Police presence in my projects was highly uncomfortable, too. Police officers would cruise through the neighborhood with their car doors ajar, gazing into our eyes, ready to jump out at any sudden movement. This type of police presence occurred regularly, and seemed normal, but this aggressive presence always made me angry, forcing my body into protection mode. My body was in a constant state of constriction, bracing for violent encounters. As a kid, I felt, but didn’t have the language to explain, the stress of racial profiling, pending police violence, and the everyday violence that lives in neglected spaces.
Jackson writes with the tautness that I have always felt inside of my body. The constriction felt in his words, especially Soledad Brother, run parallel to the hyper-awareness that I experienced in the streets, at Parchman, and later at Rikers Island. There’s also the duality of hopefulness and brokenness found in Jackson’s writings. “This camp brings out the very best in brothers or destroys them entirely,” Jackson writes in Soledad Brother. “But none are unaffected. None who leave here are normal. If I leave here alive, I’ll leave nothing behind. They’ll never count me among the broken men, but I can’t say that I am normal either. I’ve been hungry for too long. I’ve gotten angry too often.”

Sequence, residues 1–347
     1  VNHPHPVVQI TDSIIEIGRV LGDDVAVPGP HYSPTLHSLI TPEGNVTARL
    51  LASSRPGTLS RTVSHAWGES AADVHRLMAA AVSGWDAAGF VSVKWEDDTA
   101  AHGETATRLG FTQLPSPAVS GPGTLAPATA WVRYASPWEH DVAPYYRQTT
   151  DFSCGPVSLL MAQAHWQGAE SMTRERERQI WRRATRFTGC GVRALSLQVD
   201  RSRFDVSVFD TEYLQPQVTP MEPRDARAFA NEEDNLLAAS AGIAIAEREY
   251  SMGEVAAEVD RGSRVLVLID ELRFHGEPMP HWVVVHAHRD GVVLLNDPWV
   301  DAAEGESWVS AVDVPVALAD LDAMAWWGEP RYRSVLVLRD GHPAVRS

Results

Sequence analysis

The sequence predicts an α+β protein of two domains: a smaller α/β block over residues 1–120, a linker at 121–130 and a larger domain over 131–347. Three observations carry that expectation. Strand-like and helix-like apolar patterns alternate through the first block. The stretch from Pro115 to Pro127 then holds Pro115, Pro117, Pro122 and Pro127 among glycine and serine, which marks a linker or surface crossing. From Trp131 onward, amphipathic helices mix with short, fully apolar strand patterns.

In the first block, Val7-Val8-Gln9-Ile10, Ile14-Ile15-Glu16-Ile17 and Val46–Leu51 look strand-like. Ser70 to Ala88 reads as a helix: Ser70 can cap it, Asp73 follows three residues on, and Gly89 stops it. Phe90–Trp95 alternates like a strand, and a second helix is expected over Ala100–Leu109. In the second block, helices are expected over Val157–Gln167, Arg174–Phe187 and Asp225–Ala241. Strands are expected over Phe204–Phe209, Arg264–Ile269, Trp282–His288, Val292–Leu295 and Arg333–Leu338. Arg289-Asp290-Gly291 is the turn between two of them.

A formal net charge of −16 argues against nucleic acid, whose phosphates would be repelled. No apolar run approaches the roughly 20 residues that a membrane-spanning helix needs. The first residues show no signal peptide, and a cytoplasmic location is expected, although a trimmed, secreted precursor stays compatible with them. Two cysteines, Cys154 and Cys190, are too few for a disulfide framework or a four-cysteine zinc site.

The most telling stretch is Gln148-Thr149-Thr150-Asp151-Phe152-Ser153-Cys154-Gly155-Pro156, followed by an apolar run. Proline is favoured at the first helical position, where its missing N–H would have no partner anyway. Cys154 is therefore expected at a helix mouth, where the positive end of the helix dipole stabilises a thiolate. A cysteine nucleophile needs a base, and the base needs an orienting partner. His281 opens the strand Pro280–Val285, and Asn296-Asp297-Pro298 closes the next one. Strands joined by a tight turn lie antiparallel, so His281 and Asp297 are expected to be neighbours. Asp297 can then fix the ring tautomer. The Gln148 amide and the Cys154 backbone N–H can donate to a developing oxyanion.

In one letter addressed to his mother, Jackson surmised that if he’s ever released from prison, he may not be a nice person. “I can still smile now, after ten years of blocking knife thrusts and pick-handles, of anticipating faceless sadistic pigs, reacting for ten years, seven of them in Solitary,” he writes. “I can still smile sometimes, but by the time this thing is over I may not be a nice person.”